History of Chimaera
Chimaera, in addition to being the name of a monster, was the ancient name of a volcanic site which was held, by euthemerizing geographers, to have inspired the myth.
Ctesias (as cited by Pliny the Elder and quoted by Photius) identified the Chimaera with an area of permanent gas vents which can still be found today by hikers on the Lycian Way. Called in Turkish Yanar taş (flaming rock), it consists of some two dozen vents in the ground, grouped in two patches on the hillside above the Temple of Hephaistos about 3 km north of Çirali, near ancient Olympos. The vents emit methane thought to be of metamorphic origin, which can spontaneously ignite. In ancient times sailors could navigate by the flames, but today is used more to brew tea.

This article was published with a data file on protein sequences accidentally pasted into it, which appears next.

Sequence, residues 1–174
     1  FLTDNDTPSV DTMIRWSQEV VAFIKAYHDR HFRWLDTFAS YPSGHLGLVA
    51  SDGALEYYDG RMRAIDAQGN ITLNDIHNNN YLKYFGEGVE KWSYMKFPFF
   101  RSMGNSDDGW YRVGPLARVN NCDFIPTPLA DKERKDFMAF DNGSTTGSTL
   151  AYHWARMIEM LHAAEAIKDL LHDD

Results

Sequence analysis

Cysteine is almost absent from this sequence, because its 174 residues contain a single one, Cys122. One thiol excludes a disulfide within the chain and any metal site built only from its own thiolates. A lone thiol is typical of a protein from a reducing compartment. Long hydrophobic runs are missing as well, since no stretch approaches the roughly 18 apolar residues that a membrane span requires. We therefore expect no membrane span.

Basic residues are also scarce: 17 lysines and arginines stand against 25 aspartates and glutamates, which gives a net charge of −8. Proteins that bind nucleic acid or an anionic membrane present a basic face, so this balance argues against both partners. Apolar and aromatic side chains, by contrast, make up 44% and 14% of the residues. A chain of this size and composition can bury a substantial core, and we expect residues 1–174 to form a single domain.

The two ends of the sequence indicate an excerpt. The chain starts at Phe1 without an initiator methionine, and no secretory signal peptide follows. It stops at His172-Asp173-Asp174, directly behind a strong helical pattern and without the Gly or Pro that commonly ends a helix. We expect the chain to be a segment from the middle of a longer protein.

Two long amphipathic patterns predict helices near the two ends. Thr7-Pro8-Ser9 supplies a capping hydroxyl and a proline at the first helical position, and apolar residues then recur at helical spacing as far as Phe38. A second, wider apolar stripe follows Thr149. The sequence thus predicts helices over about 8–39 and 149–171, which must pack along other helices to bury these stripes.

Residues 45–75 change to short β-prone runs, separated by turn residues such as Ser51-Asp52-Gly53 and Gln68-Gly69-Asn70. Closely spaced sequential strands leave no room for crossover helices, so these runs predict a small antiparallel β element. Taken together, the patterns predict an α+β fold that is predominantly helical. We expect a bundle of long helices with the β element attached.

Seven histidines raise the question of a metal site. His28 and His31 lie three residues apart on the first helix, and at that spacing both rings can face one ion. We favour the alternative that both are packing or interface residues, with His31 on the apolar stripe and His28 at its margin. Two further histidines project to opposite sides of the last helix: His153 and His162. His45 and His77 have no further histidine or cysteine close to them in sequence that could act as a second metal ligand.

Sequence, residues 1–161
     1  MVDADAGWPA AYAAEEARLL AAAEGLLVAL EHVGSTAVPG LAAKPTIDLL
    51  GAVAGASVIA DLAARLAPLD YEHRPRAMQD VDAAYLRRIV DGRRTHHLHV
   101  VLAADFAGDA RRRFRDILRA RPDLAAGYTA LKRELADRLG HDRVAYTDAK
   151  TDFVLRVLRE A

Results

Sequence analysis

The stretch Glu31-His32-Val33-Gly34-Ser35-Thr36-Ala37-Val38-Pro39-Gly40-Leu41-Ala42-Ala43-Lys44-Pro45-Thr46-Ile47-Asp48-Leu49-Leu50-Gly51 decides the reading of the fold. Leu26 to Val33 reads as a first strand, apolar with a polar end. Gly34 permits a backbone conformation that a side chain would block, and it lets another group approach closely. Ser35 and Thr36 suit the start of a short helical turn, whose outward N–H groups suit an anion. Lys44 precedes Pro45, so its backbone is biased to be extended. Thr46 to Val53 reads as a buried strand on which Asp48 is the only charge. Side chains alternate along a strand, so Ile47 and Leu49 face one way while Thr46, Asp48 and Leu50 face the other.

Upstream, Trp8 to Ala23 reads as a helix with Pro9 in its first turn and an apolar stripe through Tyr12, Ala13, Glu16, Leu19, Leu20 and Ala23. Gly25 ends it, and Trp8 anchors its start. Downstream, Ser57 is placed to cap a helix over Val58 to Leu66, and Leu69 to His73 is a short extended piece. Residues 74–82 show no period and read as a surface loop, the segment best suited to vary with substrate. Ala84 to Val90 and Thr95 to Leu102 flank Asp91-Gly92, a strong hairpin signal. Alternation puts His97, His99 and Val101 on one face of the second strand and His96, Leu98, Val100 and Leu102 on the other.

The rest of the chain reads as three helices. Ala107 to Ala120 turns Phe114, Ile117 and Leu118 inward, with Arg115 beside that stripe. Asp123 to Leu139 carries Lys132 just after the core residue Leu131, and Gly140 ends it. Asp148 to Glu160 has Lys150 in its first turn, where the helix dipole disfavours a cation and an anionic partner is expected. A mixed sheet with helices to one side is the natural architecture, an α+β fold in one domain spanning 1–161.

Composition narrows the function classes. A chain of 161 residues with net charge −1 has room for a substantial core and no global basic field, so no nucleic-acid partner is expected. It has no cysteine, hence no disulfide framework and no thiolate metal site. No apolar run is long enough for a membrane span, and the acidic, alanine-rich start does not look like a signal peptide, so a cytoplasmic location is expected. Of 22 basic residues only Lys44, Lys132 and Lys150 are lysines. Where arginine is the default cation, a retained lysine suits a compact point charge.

Chimaera is also mentioned by Isidore of Seville and Servius, the commentator on the Aeneid. Isidore writes that Mount Chimaera was on fire, had lions and goats, and was full of snakes. Servius goes so far as to arrange the animals with lions on the peak of the mountain, pastures full of goats in the middle, and serpents all about the base, thus imitating Homer’s exact description of the monster.